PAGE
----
Don Knight, who's known for being responsive to constituents and not saying a disparaging word about fellow City Council members, has been re-elected to his seat in District 1, which covers northwest Colorado Springs, including Rockrimmon.
Voters put their faith behind Knight with 67 percent selecting the incumbent over first-time candidate Greg Basham.
"I feel joy and relief - you're never sure how it's going to turn out," Knight said at an election watch party Tuesday night.
Basham said Tuesday night he did not want to comment on the election results.
The new council will include a mix of veterans and newcomers.
Knight, a retired Air Force colonel with 26 years of military service and another 10 years as a space systems and satellites defense contractor, believes he can work with the new board in the same way he has for the past four years.
"We got along pretty good on the last council, even though we have complete differences of opinion," he said.
The 62-year-old strongly opposes raising taxes and says he's glad voters approved a ballot initiative that will allow the city to retain excess Colorado Taxpayer Bill of Rights dollars, which potentially could result in some $12 million.
As chairman of the council's finance committees for both the city and city-owned Utilities, Knight said the money could be used toward stormwater issues and possibly improvements to public safety.
"I don't see why we'd need to raise the stormwater fee for the next four years," he said. Knight co-chaired a task force on the continued redevelopment of North Nevada Avenue and now wants elements of a master plan carried forth.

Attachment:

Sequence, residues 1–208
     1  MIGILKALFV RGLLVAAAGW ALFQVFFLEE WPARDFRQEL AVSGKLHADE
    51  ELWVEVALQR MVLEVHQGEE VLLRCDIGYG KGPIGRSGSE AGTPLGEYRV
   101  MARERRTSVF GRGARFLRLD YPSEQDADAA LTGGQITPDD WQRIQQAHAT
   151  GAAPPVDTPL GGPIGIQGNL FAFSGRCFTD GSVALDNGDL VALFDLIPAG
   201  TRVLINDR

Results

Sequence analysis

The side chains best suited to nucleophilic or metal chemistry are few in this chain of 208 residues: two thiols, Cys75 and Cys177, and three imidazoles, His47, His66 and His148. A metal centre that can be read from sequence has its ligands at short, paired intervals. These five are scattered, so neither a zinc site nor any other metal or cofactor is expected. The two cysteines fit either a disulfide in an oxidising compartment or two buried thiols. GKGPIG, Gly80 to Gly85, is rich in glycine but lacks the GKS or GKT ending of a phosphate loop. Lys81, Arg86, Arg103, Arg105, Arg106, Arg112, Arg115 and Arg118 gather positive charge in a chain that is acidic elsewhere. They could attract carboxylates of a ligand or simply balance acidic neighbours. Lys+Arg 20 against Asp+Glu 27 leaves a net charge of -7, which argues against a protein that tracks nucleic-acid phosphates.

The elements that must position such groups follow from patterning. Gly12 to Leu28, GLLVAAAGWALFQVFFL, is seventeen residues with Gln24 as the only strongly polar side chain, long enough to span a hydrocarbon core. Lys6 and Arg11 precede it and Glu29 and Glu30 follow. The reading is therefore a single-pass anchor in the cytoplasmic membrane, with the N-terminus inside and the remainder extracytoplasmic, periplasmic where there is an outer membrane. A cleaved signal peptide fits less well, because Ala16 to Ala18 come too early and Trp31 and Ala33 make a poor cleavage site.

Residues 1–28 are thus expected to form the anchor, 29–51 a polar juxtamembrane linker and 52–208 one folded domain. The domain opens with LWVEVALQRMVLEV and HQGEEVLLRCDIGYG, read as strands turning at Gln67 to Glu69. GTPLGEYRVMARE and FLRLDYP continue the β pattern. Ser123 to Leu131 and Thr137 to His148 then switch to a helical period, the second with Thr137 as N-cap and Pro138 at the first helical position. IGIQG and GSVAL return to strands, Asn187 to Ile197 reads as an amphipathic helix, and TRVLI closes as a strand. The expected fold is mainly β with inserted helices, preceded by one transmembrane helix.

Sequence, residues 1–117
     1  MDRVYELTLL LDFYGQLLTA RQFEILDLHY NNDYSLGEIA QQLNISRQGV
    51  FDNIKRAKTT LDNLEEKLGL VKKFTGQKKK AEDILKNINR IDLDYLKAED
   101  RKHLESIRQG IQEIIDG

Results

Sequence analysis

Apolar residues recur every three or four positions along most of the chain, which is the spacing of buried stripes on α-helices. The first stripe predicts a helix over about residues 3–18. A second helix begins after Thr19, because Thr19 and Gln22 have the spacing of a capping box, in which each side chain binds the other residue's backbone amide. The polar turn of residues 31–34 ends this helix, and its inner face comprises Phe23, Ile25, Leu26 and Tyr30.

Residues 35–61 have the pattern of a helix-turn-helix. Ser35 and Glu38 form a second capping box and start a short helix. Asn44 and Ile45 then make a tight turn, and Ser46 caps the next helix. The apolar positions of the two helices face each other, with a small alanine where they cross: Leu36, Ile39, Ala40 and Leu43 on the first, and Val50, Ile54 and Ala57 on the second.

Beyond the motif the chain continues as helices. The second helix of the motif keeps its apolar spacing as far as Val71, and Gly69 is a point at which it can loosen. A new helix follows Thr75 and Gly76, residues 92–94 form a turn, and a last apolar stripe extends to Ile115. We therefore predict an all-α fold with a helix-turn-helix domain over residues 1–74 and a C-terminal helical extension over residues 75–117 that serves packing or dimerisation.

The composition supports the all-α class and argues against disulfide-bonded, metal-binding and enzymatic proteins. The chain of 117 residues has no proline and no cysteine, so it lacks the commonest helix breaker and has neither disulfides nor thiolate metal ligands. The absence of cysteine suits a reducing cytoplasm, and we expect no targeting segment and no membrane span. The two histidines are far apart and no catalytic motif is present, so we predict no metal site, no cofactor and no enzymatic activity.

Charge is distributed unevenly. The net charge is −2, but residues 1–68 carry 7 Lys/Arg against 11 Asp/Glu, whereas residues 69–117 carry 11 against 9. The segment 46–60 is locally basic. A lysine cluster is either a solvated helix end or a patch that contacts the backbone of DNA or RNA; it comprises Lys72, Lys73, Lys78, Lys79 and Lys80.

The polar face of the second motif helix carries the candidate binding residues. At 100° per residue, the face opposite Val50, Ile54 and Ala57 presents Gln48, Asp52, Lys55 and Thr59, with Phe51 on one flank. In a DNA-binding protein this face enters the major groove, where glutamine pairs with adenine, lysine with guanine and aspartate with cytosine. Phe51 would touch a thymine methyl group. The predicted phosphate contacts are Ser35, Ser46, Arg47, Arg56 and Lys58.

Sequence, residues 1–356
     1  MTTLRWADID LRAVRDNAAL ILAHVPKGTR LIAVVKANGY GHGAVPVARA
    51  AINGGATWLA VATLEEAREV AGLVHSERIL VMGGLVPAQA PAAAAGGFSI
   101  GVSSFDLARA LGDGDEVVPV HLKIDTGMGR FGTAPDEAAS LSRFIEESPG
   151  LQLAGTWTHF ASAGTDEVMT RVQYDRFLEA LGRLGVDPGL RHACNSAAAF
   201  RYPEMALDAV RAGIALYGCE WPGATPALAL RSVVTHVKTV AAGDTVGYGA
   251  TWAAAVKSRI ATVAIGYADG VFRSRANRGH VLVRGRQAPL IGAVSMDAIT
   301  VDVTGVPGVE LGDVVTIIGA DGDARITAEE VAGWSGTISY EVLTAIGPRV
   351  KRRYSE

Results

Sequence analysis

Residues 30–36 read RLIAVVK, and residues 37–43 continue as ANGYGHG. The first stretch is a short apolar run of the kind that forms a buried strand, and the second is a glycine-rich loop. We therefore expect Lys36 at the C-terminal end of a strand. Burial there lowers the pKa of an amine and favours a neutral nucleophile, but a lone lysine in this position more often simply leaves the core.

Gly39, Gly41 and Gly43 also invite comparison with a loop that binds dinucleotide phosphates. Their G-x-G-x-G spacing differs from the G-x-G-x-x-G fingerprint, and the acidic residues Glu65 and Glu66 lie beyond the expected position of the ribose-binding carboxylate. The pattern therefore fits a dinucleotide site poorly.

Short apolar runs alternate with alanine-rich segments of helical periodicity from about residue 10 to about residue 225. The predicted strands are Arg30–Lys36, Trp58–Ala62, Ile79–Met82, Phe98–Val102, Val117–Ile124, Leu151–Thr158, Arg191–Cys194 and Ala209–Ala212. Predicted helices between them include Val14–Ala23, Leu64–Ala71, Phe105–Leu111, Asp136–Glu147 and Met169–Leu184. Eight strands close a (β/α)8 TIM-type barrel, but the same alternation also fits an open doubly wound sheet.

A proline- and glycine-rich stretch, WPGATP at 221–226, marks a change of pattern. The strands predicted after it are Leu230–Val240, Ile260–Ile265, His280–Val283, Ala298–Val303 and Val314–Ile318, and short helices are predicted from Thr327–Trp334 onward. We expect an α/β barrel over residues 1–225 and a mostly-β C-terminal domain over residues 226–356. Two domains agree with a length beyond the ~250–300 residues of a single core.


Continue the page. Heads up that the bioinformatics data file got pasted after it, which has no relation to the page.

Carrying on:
"Some council members want to see the transit plan before they put the overlay zoning on it," he said.
Additional development will be market-driven, he said, adding that he'd like to bring in new business and industry that can take advantage of graduates from the University of Colorado at Colorado Springs, Colorado College and Colorado Technical University.
"We have three great higher education institutions, all within 2 miles of North Nevada, to support our workforce," he said.
Knight led a move last year to place moratoriums on expanded cannabis clubs and medical marijuana dispensaries. He has shown strong support for residents whose homes have been impacted by landslides. He's also been pushing for an "adopt-a-park" program to bring in private dollars to help maintain and improve parks without additional taxes.
Knight said he's pleased to get a vote of confidence to continue representing District 1 residents' interests.
"It's good to know voters have appreciated what I've done for the last four years," he said.